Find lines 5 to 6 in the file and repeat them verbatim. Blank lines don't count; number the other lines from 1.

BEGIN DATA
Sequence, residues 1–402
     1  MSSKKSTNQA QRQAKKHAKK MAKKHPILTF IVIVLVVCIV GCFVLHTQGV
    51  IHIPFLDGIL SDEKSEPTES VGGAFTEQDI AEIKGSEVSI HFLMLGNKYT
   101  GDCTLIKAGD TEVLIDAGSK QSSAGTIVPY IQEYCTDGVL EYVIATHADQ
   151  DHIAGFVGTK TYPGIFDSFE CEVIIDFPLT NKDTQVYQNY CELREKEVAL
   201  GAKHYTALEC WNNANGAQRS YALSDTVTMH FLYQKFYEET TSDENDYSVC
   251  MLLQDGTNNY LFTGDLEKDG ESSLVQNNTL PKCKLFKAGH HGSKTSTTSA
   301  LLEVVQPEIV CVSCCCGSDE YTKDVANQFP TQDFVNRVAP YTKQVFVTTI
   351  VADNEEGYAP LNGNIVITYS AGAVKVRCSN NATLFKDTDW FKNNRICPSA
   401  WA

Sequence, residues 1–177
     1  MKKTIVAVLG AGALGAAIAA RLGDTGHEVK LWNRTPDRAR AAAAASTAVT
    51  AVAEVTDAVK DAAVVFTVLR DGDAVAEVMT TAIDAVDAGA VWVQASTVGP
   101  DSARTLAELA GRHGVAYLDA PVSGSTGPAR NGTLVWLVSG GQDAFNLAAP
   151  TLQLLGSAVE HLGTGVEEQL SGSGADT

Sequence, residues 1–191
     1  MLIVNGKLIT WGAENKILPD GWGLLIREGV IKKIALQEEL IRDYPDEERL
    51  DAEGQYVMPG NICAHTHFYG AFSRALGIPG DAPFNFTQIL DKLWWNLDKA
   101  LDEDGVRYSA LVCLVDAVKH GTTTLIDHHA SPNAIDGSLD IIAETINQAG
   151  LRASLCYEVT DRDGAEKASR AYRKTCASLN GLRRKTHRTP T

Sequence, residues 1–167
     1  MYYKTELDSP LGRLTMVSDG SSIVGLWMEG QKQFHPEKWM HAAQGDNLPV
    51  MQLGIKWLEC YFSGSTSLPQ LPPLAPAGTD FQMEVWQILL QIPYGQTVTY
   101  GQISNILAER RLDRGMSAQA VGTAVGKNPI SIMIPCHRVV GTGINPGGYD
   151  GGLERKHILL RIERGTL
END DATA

   151  DHIAGFVGTK TYPGIFDSFE CEVIIDFPLT NKDTQVYQNY CELREKEVAL
   201  GAKHYTALEC WNNANGAQRS YALSDTVTMH FLYQKFYEET TSDENDYSVC